The median price of a home in DC is now above half a million dollars, according to tracking by Redfin. Even though supply remains skimpy in both DC proper and the larger metro, sales were up year-over-year; and DC saw the largest gain in that metric for all of 2015 tracked thus far.
- Prices and sales jumped in DC by a lot in November 2015.
- Prices in the DC metro gained very slowly, as did sales.
- November's price gain of 15.9 percent is the best this year.
The median price of a home in DC is now above half a million dollars, according to tracking by Redfin.
Even though supply remains skimpy in both DC proper and the larger metro, sales were up year-over-year; and DC saw the largest gain in that metric for all of 2015 tracked thus far.
In year-over-year numbers, DC home prices rose 7.7 percent in November, and the metro area saw lift of 1.4 percent. Redfin analysts comment in the report that sales increases have gradually been losing steam over the course of 2015.
The median price in DC is $527,500; for the metro, it is $360,000.
The gain in sales in DC was nearly 16 percent. Across the DC-MD-VA region that comprises the metro, sales rose 7.8 percent.
Compared month-over-month and year-over-year, many DC stats bounce all over the charts. Homes sold in October 2015, for example, were off by more than 10 percent year-over-year. Median sale price only gained by a hair year-over-year in October. And, last November’s price appreciation wasn’t– that stat was down by about 2 percent then.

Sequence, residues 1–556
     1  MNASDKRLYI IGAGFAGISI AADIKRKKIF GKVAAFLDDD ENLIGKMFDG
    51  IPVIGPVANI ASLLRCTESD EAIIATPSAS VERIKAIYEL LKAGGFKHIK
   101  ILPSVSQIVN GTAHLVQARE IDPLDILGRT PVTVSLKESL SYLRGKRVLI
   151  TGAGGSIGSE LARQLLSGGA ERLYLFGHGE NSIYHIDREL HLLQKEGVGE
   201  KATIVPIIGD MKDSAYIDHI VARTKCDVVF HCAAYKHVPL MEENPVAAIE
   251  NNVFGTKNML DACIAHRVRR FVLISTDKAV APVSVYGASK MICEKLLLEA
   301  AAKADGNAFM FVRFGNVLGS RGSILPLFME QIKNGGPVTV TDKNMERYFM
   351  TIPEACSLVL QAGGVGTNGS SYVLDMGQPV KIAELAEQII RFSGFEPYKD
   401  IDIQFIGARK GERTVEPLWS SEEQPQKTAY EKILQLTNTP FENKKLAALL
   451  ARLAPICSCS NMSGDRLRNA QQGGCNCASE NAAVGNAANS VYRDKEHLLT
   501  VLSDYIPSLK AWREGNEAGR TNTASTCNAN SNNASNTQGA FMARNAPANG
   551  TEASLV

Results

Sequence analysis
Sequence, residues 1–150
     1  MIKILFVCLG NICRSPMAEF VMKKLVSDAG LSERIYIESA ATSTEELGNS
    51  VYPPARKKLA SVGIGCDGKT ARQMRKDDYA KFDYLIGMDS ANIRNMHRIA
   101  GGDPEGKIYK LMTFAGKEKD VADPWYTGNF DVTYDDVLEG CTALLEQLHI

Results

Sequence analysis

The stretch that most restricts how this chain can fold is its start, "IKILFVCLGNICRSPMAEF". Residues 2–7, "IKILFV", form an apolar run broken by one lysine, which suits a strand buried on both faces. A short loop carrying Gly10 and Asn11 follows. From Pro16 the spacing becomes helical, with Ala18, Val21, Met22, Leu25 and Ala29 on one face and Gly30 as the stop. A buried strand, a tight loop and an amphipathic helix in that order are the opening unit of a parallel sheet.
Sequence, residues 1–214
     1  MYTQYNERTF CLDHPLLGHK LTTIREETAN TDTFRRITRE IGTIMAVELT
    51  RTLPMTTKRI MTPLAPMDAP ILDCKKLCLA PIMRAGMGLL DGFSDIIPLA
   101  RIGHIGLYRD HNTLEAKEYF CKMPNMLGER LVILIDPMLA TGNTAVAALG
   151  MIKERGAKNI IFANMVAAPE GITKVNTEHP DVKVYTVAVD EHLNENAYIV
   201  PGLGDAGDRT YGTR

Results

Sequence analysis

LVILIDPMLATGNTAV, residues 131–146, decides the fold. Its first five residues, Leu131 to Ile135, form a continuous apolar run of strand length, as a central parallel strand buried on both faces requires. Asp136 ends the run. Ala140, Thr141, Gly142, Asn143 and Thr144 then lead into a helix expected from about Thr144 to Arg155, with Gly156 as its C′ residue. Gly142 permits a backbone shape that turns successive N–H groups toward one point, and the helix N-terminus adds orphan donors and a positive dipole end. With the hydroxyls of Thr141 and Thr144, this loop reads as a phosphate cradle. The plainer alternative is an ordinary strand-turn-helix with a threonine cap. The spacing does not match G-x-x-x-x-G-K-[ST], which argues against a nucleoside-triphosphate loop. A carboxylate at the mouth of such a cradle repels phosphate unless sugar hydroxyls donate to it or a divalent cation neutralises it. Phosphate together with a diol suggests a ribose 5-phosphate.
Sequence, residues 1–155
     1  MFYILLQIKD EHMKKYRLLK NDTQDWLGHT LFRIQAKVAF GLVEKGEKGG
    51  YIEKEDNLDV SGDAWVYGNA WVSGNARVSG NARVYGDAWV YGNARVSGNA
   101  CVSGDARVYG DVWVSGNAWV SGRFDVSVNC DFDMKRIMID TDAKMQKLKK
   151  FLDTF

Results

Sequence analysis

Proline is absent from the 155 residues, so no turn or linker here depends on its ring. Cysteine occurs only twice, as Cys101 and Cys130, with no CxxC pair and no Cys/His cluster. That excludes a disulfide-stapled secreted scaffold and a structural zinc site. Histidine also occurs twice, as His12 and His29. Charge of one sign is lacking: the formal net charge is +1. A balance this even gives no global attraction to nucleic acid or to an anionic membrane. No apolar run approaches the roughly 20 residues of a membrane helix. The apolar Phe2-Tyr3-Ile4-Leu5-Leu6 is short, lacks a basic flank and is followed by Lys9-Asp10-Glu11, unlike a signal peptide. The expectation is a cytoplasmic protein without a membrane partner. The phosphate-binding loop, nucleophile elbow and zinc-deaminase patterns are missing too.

Even though new listings grew by 13.4, that only helped the total number of homes on the market rise by 0.6 percent.
The neighborhood in DC with the greatest number of new listings in November was Logan Circle. Logan Circle’s average selling price is a little bit above the median for the DC area – at about $585,000. In that neighborhood, 231 homes joined the for-sale club. Homes in that neighborhood usually spend nine days on the market, and sellers got more than 99 percent of their asking price when the deal is done.
Logan Circle is a good representation of other data points for the DC market. The typical home in the November report sold in 12 days.
That’s because supply continues to be more of a desert than oasis. Since October of 2012, the city has had less than a three-month supply of houses on the market. In November, supply stood at 2.1 months.
In the region, there’s a little more to choose from, and they stay on the market a little bit longer. Even though the supply region-wide slid by half a percent, the metro area had 3.9 months of supply. The typical homes in the broader DC area spent 31 days on the market before going under contract.
Other DC neighborhoods were singled out in the report for price gains. In Deanwood, for example, the median sale price was up 48.3 percent over last year and home were snatched up 67 percent faster than the same time last year. After the trough experienced last year in sales, it stands to reason that big recoveries in some pockets helped lift sales so significantly in November 2015.
Even so, Deanwood buyers bargained aggressively, as those sellers had the lowest sale-to-list ratio, at 92 percent.and most sellers got less than what they were asking.
Redfin agent Thomas Mathis said in a statement, “neighborhoods east of the Anacostia River are still affordable for first-time buyers. I’m seeing a lot of buy and hold investors who anticipate values will continue to go up. That area of the city has a fair number of four-unit buildings, which are nice opportunities for rental income.”